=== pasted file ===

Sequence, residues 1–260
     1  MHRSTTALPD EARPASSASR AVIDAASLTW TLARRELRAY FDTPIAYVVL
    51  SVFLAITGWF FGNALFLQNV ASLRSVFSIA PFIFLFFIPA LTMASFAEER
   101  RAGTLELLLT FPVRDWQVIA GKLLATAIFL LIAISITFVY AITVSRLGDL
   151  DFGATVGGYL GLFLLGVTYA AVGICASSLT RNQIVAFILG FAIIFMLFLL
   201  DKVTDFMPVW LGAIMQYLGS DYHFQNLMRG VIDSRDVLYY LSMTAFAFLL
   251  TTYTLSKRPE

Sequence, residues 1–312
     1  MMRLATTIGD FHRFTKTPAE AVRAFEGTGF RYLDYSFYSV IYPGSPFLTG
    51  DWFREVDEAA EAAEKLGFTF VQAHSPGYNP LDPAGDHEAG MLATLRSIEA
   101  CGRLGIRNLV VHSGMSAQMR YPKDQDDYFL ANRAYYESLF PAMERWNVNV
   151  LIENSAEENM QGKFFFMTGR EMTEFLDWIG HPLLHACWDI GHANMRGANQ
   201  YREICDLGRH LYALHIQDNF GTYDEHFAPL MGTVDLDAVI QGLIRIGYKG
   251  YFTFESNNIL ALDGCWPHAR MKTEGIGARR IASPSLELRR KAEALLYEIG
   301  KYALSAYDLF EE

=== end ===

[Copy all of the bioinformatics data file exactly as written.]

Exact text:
Sequence, residues 1–260
     1  MHRSTTALPD EARPASSASR AVIDAASLTW TLARRELRAY FDTPIAYVVL
    51  SVFLAITGWF FGNALFLQNV ASLRSVFSIA PFIFLFFIPA LTMASFAEER
   101  RAGTLELLLT FPVRDWQVIA GKLLATAIFL LIAISITFVY AITVSRLGDL
   151  DFGATVGGYL GLFLLGVTYA AVGICASSLT RNQIVAFILG FAIIFMLFLL
   201  DKVTDFMPVW LGAIMQYLGS DYHFQNLMRG VIDSRDVLYY LSMTAFAFLL
   251  TTYTLSKRPE

Sequence, residues 1–312
     1  MMRLATTIGD FHRFTKTPAE AVRAFEGTGF RYLDYSFYSV IYPGSPFLTG
    51  DWFREVDEAA EAAEKLGFTF VQAHSPGYNP LDPAGDHEAG MLATLRSIEA
   101  CGRLGIRNLV VHSGMSAQMR YPKDQDDYFL ANRAYYESLF PAMERWNVNV
   151  LIENSAEENM QGKFFFMTGR EMTEFLDWIG HPLLHACWDI GHANMRGANQ
   201  YREICDLGRH LYALHIQDNF GTYDEHFAPL MGTVDLDAVI QGLIRIGYKG
   251  YFTFESNNIL ALDGCWPHAR MKTEGIGARR IASPSLELRR KAEALLYEIG
   301  KYALSAYDLF EE